Natasha Baldin/News Staff
Power To Be, a not-for-profit based on Prospect Lake in Saanich, is celebrating the unveiling of brand-new, fully accessible buildings and a documentary that chronicles the five-year process as they strive to make nature accessible to all.
Power To Be aims to remove the physical, cognitive, social and financial barriers associated with accessing the natural world and offers various programs including inclusive hiking, camping, snowshoeing and canoeing adventures, as well as wellness, community and life skills programs.
”It’s about creating support systems, networks and a sense of community and belonging because disabilities are not to be fixed — they’re meant to be supported and understood, and we build strategies to help people live a healthy life to their best means,” said Jason Cole, co-CEO of Power To Be.
Five years ago the formerly nomadic organization took a significant step in community-building by finally having a place to call their own. They signed a 25-year lease on a 78-acre site on Prospect Lake for $1 a year from the Steele family, the owners of the site’s former Prospect Lake golf course.
After a lengthy planning process and a $10-million donation from a long-term donor, Power To Be broke ground on the site and started filming a documentary that chronicles the five-year planning and construction process each step of the way.
The newly released documentary, titled “Everyone Belongs in Nature,” includes the voice of Power To Be participant and accessibility advocate Marnie Essery, who was involved in the consultation process from the beginning.
Essery, who has been involved with Power To Be for almost 25 years and has participated in a number of its programs, said a highlight for her is using the TrailRider, a one-wheeled, all-terrain device supported by an individual on either side to climb terrain that would not be possible in her wheelchair.
She considers herself a “TrailRider enthusiast” and has a bucket list of places she wants to explore next.
“Sitting there on the TrailRider and being able to look at the scenery and know there was no way I’d be able to get there sitting in my wheelchair, those kinds of experiences are ones that I crave,” she said.
She said she “shared from the heart” during the documentary, advocating for the power of creating barrier-free experiences in nature.
“I remember sitting mesmerized by the water at the new Prospect Lake golf course site and talking about the things that could be on the new site and all that it could offer so everyone of all ages with disabilities can have their own opportunities and experiences in nature,” she said.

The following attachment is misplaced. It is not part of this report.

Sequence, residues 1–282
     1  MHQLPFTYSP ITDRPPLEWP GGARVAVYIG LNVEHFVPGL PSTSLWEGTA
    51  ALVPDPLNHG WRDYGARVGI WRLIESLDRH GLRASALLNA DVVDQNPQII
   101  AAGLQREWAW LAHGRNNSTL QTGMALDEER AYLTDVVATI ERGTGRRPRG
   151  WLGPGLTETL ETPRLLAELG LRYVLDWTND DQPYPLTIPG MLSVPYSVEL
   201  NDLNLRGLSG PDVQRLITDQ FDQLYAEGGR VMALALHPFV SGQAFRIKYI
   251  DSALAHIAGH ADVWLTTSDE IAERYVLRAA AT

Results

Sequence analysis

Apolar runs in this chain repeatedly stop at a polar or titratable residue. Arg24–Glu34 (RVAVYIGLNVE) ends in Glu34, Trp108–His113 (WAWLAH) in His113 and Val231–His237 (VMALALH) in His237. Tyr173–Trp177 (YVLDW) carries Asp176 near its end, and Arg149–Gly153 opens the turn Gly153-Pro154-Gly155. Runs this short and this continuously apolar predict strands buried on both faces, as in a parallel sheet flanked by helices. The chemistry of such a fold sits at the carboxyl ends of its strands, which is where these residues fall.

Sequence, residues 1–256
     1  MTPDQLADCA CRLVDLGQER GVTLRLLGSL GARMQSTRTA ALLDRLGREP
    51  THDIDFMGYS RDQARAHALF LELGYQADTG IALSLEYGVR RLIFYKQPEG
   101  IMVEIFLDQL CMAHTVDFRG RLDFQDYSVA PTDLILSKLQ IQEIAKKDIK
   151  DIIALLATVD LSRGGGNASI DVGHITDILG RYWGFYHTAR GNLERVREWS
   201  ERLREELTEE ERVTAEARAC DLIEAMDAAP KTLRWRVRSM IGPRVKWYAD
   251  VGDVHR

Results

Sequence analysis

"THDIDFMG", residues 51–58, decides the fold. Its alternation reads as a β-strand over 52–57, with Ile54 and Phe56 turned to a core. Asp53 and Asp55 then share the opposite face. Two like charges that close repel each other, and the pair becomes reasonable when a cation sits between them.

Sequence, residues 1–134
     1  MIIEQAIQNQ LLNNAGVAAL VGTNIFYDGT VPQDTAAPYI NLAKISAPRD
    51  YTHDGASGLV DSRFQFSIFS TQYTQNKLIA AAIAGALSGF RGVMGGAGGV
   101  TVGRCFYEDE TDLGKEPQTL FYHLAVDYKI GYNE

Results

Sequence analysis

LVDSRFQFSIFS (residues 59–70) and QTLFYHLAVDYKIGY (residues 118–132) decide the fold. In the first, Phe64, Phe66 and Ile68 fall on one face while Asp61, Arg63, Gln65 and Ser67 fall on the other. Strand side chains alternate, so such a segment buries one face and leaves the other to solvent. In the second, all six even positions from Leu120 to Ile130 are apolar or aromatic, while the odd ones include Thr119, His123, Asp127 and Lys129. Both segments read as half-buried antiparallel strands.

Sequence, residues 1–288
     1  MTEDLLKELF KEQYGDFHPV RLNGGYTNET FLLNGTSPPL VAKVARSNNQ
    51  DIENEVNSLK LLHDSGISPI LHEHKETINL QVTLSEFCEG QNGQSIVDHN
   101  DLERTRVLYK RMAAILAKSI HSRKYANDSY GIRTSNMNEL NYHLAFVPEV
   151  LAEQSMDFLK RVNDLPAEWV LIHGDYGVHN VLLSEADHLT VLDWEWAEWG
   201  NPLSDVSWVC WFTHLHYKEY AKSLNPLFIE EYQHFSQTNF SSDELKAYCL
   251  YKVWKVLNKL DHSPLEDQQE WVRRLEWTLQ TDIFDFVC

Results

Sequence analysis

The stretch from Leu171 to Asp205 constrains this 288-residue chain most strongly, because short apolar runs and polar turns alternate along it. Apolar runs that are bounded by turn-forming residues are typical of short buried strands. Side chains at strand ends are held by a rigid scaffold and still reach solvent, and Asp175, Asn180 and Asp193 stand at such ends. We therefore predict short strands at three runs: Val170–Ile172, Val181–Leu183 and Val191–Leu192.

The organization brought in architect Christine Lintott for the design process. Ashley Dueck, director of systems and communications at Power To Be, said Lintott’s approach to universal design was impactful from the beginning.
“When we went to interview (Lintott), she didn’t have an idea. She said, ‘I don’t know what I want to build — I want to talk to your participants.’ And that resonated with us so strongly because we wanted their voices to be heard about what they needed to be perfected,” Dueck said.
The site is now home to two single-storey, fully-accessible buildings, complete with universal design features including multiple accessible bathrooms, wide hallways and automatic doors. The first is an office hub home to staff and participant lounges, and the second is a gear hub, which houses a community board room, a large kitchen and equipment storage.
“To be able to go out and tour the place and see just how much thought they put into the universal design features in the building was pretty impressive,” Essery said. “Everyone belongs in nature, and (Power To Be has) created a site that allows that to happen.”
HeroWorks, another non-profit, is currently supporting the transformation of two other buildings on the Prospect Lake site. One is an old barn that will be turned into an indoor play space, and the other will be a large pavilion that will fit up to 80 people. These two projects will be revealed in mid-August.
Power To Be is hosting a celebratory day Sept. 9 at the Prospect Lake site to celebrate its 25-year anniversary with the community. The organization hopes to welcome 25,000 people onto the site in the next 3 years.
It also hosts several free Have A Go Days each year, where members of the community can learn more about its programs and experiment with equipment.
“We live in a society where supports are getting less and less, so it’s really critical to have opportunities in nature,” Essery said.
The documentary can be found here.